It's Worth Getting Sloppy For This Grilled Cheese Taco
CafecitoAddress and Info
South Loop, The Loop
One of the best Cuban sandwiches in the city can be yours for $5.79. The Cubano's citrus-garlic-marinated, cumin-rubbed lechon asado is situated between perfectly toasted and grill-pressed bread loaves. Thin-sliced roasted pork that's griddled with more homemade mojo is paired with cured ham, gooey Swiss cheese, pickles, and mustard for a flavorful Latin lunch.
La BombaAddress and Info
The load-bearing capacity of thin, crispy plantain planks are tested by piles of grilled steak, lettuce, tomato, mayo, and melted cheese with this beloved Puerto Rican joint's $6 "hee-bah-ree-toe."
Shredded pork arepa
Puesto Sandwich StandAddress and Info
Venezuelan-inspired arepas can be found at this low-key sandwich and snack outpost, which features a popular Puesto arepa filled with shredded pork, guacamole, and queso Cotija and a Cuban sandwich-style arepa with sliced ham, pork, Swiss cheese, pickles, mustard, and mayo for $6 each. Splurge on a homemade horchata for $2.25 or any of the Jarrito float flavors for $5.
Prosciutto and fresh mozzarella sub
BariAddress and Info
Near West Side, Noble Square
Six dollars is more than enough to score a solid 9in Italian sub packed with a variety of meats, cheeses, vegetables, condiments, and seasonings at this neighborhood mainstay. The $6 prosciutto and fresh mozzarella sub is one of the many hot and cold combinations you'll find at the old-fashioned Italian grocery store. Others tout homemade Italian and Barese sausages, house giardiniera, fresh-made pestos and sauces, and imported cheeses for less than $5.50.
BBQ pork bánh mì
Nhu Lan BakeryAddress and Info
Lincoln Square, Uptown
For the most part, Vietnamese bánh mì sandwiches are synonymous with "cheap meal." A few spots that shall go unnamed can surpass the $6 budget line, but you should never go to these places when less expensive, notably better options can be found elsewhere in the city. This authentic bakery dishes up some of the best you'll find, and the BBQ pork with pickled vegetables, jalapeños, and lots of cilantro tucked in fresh-baked baguettes for $4.95 is no exception if you can get it before they run out for the day.
Corned beef sandwich
Kasia's DeliAddress and Info
Known for dishing up some of the best Polish food in Chicago, most notably its pierogi, the deli can also hold its own when it comes to corned beef. The warm Irish corned beef sandwich is piled with flavorful, shaved meat that's been cooked in-house, pickle slices, lettuce, mustard, and a mild Swiss cheese on rye. Its $5.29 price point comes with a 1/2lb of sauerkraut, but you can opt out of the side of kraut and save yourself 70 cents. Polish-style sandwiches with traditional smoked sausage and an Old World Polish panini with Krakus ham, Podlaski cheese, and hard-boiled eggs on rye won't even cost you $5 here.
Ricobene'sAddress and Info
You'll feel like the richest person alive when you sink $5.69 into a regular-sized meatball sandwich, and witness a hearty return in the form of giant beef balls coated in cheese and marinara sauce on French bread. With the exception of the notorious breaded steak sandwich, most of the sandwiches here, including the Sicilian beef and Italian sausage, are less than $6, so you'll have reason to visit again and again.
Chicken tikka kabob sandwich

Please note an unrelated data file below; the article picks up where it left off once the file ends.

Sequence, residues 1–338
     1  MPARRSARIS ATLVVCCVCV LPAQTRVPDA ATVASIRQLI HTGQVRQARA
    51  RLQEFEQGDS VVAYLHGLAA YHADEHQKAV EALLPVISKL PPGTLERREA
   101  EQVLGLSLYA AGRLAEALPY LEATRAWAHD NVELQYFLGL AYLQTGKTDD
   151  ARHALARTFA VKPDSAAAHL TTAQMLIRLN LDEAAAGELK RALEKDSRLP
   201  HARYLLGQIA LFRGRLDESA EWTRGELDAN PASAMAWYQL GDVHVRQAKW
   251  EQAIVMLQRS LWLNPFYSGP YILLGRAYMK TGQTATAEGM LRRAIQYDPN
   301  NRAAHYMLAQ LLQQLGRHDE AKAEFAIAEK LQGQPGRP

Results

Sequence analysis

Salam RestaurantAddress and Info
Albany Park, Lincoln Park
This Middle Eastern spot serves a reliable, spicy mix of grilled chicken breast pieces that've been marinated in a special hot tikka blend, tomatoes, raw onions, and tahini and/or hot sauce in a pillowy pita or wrap for $5.99. The juicy chicken tikka kabob sandwich might fall apart at its warm pita seams while you're quickly devouring it. Accompany it with a side of house-made hummus or baba ghanoush to offset the deliciously slow burn.
Sultan's MarketAddress and Info
Lincoln Park, Wicker Park
This fast-casual spot's giant falafel sandwich served in a warm, hummus-lined pita is a real steal at $3.68. It's filled with a flavorful Jerusalem salad of tomato, cucumber, red onion, and parsley, topped with creamy tahini, and can be prepared as spicy as you can handle.
Lawrence's FisheriesAddress and Info
They don't make fish sandwiches for less than $6 in this city, unless you come here. The 24/7 eatery has a loyal following for its fried seafood, and the fried cod fillet sandwich is a tasty choice for $5.95 when the craving strikes, any time of the day or night.
Pimiento cheese sandwich
Big JonesAddress and Info
Grilled cheese is the go-to budget-friendly sandwich anywhere you can get it, but not all cheesy menu items are as soul-satisfying as the pimiento cheese sandwich at this Southern food joint. The melty $6 grilled cheese appetizer on marbled rye throws a Cajun punch with Worcestershire sauce and local heirloom pimientos blended into the cheddar.
Nashville hot chicken sandwich
The Roost Carolina KitchenAddress and Info
Lakeview, River West
Crispy, spicy chicken with dill pickles, coleslaw, chipotle buttermilk ranch, and cheddar or blue cheese sandwiched between flaky buttermilk biscuits won't set you back more than $6 at this Carolina-style spot. If you're not into the steam-out-your-ears heat level, take it down a notch from the Nashville Hot variation to spicy or even the good ol' original fried chicken recipe. While the sandwich alone is just $6, it's worth mentioning the meal specials add a choice of two sides or one side and one dessert for $9, which means you can pig out on the chicken sandwich, creamy mac & cheese, AND peach cobbler.
Rib-eye steak sandwich
Moon's Sandwich ShopAddress and Info
While it might be widely recognized for its corned beef-stuffed sandwiches, this small, old-school diner's menu is loaded with handheld offerings that won't set you back more than $6. The rib-eye steak sandwich is a solid choice for $5.25, and you can even grab a fried salami sandwich for less than four bucks, which is equivalent to getting away with murder in this city.
Italian beef sandwich
Joe Boston's Italian BeefAddress and Info